Why did the Legal Defense Fund get involved? Because the death penalty, historically, has been applied disproportionately to more blacks than whites. The organization decided to appeal the sentence because racial considerations may never factor into the conviction phase in a criminal case. Never. (Two appeals courts, in 2008 and 2011, sided with the Legal Defense Fund.)

The law notwithstanding, the Senate was moved by a choir of senators who branded Adegbile a “defender of murderers”—or worse, a cop killer advocate—and ultimately rejected his nomination to a federal office charged with protecting civil rights. Precisely for defending someone’s civil rights.

What the Senate did is not only unheard-of, but it sets a terrible precedent, for a number of reasons.

First, because everyone has constitutional rights, among them the right to be represented by an attorney in a criminal case. In rejecting Adegbile for representing an unpopular client—also endowed with rights—the Senate dealt a slap in the face to lawyers who represent those society deems undeserving. But the beauty of the Constitution is that it is not a respecter of persons. Everyone is entitled to zealous and meaningful representation, no matter the crime—even the murder of a police officer.

Second, the Senate dealt a blow to public service. Being a civil-rights lawyer or a public defender is not as lucrative as being a corporate lawyer. Defending a Latino accused of stealing a bicycle is less lucrative than defending a Wall Street banker accused of stealing millions.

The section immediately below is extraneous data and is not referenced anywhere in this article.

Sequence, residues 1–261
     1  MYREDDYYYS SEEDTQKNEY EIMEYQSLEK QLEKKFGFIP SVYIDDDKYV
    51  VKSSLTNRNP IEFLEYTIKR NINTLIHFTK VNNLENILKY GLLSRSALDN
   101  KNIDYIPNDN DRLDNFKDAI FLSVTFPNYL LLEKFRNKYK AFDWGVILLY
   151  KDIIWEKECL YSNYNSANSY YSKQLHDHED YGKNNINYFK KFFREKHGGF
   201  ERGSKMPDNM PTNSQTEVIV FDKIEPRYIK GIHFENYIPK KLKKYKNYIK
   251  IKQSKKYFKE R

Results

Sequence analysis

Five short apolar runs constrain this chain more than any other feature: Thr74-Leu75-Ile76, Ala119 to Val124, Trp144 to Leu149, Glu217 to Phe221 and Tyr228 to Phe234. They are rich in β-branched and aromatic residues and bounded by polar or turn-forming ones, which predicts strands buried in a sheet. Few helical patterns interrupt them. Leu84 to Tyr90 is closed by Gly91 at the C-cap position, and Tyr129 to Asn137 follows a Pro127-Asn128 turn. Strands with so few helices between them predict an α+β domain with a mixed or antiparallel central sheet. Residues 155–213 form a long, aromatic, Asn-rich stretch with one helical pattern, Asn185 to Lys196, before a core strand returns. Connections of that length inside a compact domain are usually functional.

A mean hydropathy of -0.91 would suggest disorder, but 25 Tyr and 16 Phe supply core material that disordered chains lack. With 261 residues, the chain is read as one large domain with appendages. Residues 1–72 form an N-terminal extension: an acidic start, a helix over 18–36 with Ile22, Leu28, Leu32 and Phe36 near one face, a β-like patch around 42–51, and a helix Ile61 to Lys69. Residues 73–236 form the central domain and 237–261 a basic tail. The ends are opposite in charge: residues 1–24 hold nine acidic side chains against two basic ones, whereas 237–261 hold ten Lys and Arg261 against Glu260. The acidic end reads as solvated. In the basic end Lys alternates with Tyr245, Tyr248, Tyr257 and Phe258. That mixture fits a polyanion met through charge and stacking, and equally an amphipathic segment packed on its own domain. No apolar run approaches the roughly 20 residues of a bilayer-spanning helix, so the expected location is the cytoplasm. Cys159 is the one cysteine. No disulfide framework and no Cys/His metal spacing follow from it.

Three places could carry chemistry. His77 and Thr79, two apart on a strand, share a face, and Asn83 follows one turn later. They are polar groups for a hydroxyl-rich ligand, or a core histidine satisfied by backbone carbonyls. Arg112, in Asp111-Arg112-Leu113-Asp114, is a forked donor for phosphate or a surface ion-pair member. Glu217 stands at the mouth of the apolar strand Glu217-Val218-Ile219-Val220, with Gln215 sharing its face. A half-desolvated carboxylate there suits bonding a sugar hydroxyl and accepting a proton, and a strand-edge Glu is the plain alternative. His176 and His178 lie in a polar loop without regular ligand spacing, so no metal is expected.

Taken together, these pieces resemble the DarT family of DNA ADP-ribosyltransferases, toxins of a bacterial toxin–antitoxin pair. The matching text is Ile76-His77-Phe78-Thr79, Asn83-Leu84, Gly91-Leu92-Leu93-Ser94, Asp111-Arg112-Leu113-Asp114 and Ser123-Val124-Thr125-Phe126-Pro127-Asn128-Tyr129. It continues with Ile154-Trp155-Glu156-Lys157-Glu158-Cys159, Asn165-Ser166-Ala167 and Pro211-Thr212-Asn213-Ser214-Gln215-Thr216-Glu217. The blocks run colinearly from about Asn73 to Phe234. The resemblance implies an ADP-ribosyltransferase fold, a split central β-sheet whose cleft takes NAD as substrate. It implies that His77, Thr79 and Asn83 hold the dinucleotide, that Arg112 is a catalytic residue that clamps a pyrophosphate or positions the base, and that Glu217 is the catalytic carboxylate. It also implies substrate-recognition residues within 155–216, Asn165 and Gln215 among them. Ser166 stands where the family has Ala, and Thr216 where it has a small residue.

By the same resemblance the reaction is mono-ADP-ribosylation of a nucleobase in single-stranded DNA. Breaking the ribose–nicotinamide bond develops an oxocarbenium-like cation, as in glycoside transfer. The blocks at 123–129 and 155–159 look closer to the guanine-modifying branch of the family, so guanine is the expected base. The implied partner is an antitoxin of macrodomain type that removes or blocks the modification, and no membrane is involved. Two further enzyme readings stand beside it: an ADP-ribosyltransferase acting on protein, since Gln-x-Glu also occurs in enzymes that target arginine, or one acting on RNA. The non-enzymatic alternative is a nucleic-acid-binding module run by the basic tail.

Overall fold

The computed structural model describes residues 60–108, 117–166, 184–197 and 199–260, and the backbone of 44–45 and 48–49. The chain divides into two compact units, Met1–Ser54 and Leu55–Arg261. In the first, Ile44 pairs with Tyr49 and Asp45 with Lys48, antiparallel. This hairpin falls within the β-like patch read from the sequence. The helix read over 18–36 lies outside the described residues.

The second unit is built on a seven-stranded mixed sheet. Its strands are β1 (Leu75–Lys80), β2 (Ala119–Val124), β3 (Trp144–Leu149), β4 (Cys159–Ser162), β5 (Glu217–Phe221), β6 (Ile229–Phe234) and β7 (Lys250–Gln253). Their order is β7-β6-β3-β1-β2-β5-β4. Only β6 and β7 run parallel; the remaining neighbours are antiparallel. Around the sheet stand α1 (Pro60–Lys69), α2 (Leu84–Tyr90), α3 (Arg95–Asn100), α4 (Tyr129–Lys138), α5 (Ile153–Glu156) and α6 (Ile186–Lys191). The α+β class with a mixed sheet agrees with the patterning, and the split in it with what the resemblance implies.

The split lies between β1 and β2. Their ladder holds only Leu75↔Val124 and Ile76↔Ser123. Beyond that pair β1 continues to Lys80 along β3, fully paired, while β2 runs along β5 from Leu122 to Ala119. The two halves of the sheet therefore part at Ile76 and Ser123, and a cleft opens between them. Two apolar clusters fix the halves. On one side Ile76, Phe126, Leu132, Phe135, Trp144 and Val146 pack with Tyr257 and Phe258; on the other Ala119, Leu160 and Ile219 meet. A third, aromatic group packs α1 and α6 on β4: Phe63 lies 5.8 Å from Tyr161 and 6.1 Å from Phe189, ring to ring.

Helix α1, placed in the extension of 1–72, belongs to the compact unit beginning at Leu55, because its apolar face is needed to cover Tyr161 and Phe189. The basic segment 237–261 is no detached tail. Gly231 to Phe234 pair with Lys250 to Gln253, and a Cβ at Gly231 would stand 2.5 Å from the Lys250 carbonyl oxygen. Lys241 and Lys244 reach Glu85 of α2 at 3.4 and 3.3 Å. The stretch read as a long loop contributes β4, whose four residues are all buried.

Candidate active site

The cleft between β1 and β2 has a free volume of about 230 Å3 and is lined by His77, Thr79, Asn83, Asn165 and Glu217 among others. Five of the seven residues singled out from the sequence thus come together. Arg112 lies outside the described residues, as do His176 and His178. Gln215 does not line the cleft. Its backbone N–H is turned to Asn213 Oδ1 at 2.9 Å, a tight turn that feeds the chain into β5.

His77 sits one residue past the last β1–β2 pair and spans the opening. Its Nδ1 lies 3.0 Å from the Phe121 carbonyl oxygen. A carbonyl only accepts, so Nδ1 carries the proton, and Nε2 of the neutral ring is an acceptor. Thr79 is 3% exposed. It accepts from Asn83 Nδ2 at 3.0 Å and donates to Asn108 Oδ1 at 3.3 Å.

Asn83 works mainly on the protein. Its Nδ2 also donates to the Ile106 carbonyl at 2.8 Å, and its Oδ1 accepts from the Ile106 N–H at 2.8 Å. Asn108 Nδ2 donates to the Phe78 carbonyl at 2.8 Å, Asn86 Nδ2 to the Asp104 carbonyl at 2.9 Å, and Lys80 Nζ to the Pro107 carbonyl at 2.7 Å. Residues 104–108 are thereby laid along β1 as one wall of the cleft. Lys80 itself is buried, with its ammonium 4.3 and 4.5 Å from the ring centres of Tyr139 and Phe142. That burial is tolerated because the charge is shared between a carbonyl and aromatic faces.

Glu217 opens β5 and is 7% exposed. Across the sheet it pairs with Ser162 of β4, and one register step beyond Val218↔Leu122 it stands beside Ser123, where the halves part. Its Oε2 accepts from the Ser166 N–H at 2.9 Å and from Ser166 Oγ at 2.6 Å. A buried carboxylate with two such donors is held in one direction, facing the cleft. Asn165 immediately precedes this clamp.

The very chief justice of the United States, John Roberts, once defended a serial murderer. The big difference between Roberts and Adegbile is that the former did so while working for a white-shoe law firm—the kind that defends Wall Street executives—while Adegbile defended Abu-Jamal as an LDF attorney. But of the two, only Roberts was blessed with Senate confirmation.

Lastly, Adegbile’s rejection by the Senate shows the power conservative news media wields in sowing fear in Congress and the public. Because no matter how sterling Adegbile’s résumé, the very fact of defending an unpopular client brought a wave of criticism by Fox News and its allies. All of it has been discredited as irrelevant or not based in fact.

You need a special kind of person to become a lawyer to the least fortunate, the outcasts, those people. When a branch of government calls into question that noble calling, even fewer aspirants will be led to choose that path.

And forget about aspiring to a presidential nomination. The chances are almost nonexistent.

(A version of this column was originally published in Spanish in the print and online editions of New York’s El Diario.)